Utilization of the potentials of selected microorganisms as biocontrol and biofertilizer for enhanced crop improvement
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Oyekanmi, E.O., Coyne, D.L. & Fawole, B. (2008). Utilization of the potentials of selected microorganisms as biocontrol and biofertilizer for enhanced crop improvement. Journal of Biological Sciences, 8(4), 746-752.
Permanent link to cite or share this item: https://hdl.handle.net/10568/90927
Some selected microorganisms isolated from rhizosphere of crops, were screened for their abilities to enhance crop growth and suppress plant parasitic nematodes; in screenhouse experiments. Two promising hybrids of soybean genotypes: TGx 1448-2E (medium duration) and TGx 1485-1D (early maturing) and a high yielding hybrid of maize genotype Oba Super 1 were used. Microorganisms assessed included the fungi: Trichoderma pseudokoningii, Trichoderma viride, Paecilomyces lilacinus, Aspergillus niger, Glomus mosseae and the rhizobacteria Pseudomonas fluorescens and Pseudomonas putida. One thousand juveniles of Meloidogyne incognita were applied to soybean, while five thousand Pratylenchus zeae (juveniles and adults) were applied to maize. Fungal spores and rhizobacteria cells approximately 2.5x106 mL-1 concentration were applied per plant, for maize experiment. For soybean experiment, Bradyrhizobium japonicum (106 cells), Trichoderma pseudokoningii (6.8x106 spores) and G. mosseae (200 spores) were inoculated per plant. The effect of microorganism`s application was compared with a nematicide (carbofuran) treatment, untreated control and a nematode only control. The parameters measured were nematode density, root damage due to plant parasitic nematode infection, relative leaf chlorophyll content and plant growth parameters. The inoculated beneficial microorganisms in most cases significantly (p≤0.05) reduced the nematode density across the treatments in test crops by up to 79.6% and improved plant growth by up to 46.0%, when treatments performances were compared across treatments. Most of the beneficial microorganisms assessed have prospects of enhancing nematode management through nematode density reduction and improving crop production.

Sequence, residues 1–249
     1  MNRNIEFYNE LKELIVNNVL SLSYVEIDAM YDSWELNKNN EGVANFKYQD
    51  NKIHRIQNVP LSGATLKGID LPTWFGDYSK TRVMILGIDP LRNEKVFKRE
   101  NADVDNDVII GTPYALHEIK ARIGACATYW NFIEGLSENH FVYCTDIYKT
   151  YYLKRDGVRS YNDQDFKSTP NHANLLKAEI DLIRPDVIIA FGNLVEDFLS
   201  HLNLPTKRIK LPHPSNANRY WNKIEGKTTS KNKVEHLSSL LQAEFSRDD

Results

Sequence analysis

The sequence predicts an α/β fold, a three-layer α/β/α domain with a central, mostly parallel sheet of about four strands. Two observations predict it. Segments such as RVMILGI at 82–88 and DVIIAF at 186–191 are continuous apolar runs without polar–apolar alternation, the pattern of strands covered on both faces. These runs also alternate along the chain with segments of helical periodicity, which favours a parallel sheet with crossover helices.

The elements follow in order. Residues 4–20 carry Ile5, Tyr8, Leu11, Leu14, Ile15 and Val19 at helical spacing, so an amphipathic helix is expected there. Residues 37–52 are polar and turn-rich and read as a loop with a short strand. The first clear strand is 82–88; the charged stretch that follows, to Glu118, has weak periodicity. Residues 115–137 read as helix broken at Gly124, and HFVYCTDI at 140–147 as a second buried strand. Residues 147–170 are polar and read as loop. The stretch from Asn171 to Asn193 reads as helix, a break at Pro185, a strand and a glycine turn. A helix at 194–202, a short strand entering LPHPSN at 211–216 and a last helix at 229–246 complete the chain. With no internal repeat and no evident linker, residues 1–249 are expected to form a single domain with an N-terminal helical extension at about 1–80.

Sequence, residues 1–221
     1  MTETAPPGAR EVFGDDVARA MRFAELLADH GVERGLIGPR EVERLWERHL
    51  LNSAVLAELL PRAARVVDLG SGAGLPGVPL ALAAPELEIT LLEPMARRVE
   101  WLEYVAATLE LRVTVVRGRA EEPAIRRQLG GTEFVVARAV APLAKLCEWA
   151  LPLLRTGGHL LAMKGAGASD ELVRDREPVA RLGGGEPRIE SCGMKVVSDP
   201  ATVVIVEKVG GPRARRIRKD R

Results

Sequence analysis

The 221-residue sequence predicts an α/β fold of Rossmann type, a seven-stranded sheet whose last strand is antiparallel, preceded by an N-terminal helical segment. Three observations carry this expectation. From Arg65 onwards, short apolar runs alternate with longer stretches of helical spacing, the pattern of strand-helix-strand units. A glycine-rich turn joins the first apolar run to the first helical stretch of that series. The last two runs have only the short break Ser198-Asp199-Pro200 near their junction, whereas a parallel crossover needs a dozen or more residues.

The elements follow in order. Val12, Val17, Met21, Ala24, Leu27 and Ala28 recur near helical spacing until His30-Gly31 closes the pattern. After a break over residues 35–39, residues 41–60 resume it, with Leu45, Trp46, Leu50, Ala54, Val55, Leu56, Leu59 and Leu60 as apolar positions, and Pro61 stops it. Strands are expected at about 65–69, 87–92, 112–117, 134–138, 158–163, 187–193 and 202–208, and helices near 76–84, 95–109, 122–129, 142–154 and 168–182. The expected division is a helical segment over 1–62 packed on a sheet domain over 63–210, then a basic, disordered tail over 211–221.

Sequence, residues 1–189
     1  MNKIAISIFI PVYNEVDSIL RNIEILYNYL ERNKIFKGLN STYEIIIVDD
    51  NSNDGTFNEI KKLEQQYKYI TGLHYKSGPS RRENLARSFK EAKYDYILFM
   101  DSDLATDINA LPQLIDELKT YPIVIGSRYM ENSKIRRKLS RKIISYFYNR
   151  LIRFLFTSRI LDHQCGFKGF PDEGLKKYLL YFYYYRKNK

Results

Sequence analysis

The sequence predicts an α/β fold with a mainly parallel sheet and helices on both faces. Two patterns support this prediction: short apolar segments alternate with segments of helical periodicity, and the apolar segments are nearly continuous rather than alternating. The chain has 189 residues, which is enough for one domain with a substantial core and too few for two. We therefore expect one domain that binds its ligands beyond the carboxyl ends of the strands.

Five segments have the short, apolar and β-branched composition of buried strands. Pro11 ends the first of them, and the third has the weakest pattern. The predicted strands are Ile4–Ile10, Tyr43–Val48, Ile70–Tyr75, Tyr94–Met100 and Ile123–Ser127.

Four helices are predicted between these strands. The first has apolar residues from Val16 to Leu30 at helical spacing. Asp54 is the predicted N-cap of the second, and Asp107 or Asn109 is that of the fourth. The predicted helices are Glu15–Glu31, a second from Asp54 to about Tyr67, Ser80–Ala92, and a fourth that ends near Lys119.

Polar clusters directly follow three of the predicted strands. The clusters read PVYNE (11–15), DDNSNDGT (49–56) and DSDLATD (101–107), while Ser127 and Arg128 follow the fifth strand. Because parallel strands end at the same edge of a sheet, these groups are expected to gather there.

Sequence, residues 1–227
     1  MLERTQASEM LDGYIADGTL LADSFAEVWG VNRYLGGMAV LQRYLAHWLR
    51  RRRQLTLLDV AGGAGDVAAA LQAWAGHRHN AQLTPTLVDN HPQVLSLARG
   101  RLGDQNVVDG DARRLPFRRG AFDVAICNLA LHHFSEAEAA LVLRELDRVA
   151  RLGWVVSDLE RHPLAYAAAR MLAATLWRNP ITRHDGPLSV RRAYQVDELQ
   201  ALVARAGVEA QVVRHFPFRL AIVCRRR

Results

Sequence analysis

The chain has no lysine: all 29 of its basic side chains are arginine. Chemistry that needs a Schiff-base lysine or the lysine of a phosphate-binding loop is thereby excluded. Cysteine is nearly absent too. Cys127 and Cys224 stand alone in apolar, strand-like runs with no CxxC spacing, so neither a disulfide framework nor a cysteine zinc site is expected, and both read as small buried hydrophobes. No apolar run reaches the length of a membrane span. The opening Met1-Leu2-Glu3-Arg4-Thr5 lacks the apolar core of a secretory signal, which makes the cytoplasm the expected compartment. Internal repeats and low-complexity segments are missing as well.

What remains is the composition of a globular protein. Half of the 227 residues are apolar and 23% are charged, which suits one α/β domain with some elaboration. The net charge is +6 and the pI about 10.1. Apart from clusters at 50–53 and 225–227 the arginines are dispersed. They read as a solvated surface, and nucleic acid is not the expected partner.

SubjectsPLANT PRODUCTION; PESTS OF PLANTS; PLANT DISEASES; PLANT BREEDING; PLANT GENETIC RESOURCES; DISEASE CONTROL; FARM MANAGEMENT; FOOD SECURITY; PLANT HEALTH; SOIL FERTILITY; SOIL INFORMATION
Investors/sponsorsInternational Institute of Tropical Agriculture
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